This will only work if the amp gives a dummy load when not using a cabinet. If there's no dummy load or "speaker off" setting on the back of the amp when choosing what resistance to use, then you need to have a cabinet plugged in at all times.

I hope that makes sense.

For example, looking at the HT series' on the Blackstar website, I see no mention of giving a dummy load. This would mean that the head's would need to be plugged into a cabinet to be turned on, so you might not be getting that much quiet practice.

I know with my old Peavey Bandit 112, that had an emulated output but in order to get enough level out of the output to run into a recording set-up, you were running the amp well passed bedroom levels of volume.


I didn't actually consider that. Thanks for the heads up!
Is it usual (or even possible) that cabinets have some sort of a "stand-by" setup, where they act as a dummy load only?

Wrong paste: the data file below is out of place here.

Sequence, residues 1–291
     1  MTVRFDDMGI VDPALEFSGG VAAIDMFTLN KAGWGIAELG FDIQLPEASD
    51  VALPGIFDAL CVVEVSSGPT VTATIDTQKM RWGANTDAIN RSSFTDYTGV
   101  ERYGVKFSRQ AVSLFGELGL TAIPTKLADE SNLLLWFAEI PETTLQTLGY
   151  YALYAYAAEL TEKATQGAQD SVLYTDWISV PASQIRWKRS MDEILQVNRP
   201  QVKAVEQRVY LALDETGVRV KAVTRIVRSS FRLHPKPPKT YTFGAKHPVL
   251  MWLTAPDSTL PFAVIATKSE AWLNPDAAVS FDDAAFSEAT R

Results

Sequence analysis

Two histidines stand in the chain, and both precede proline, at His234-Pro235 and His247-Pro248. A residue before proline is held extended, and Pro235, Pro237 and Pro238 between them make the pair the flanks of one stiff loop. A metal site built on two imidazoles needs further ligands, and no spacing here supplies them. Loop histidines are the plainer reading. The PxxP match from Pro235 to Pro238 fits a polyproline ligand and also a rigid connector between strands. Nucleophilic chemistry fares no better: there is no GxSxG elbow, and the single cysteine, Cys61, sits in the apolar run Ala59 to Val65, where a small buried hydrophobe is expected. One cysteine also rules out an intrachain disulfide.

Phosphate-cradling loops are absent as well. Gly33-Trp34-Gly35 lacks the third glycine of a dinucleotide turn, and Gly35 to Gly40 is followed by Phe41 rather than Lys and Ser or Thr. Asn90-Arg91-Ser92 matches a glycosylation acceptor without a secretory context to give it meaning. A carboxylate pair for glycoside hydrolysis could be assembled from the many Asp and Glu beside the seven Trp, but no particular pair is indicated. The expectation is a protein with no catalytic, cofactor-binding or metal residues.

Btw, sorry if these questions are somewhat silly; my gear throughout the years only consisted of a small peavey combo and a multi-effects pedalboard plugged through a headphone set, haha

Anyway, I'll be checking some of the amps in nearby music stores and I'll check for the 'dummy load' feature.
Thanks again
#7
I have the Blackstar HT-5. With something plugged into the headphone/emulated jack, there is no power to the speaker. I don't see a reason you wouldn't be able to use it this way without the speaker, though if you screw up and forget to plug something into that jack, you'll probably damage your amp.

I don't use the emulated output, though, because I think it's too fuzzy and bright, even on the 4x12 setting. So, I just got an ADA GCS-2 guitar cab simulator for recording. Lots more tonal control. I haven't tried it, but I think you could plug in headphones to kill the speaker, and use the GCS-2 in the effects loop, using the "output" for recording and the "pass thru" back to the amp. But right now I just have it set up on my desk with a Triple Wreck, instead of using the Blackstar.

Quote by Lavatain
This will only work if the amp gives a dummy load when not using a cabinet. If there's no dummy load or "speaker off" setting on the back of the amp when choosing what resistance to use, then you need to have a cabinet plugged in at all times.

I hope that makes sense.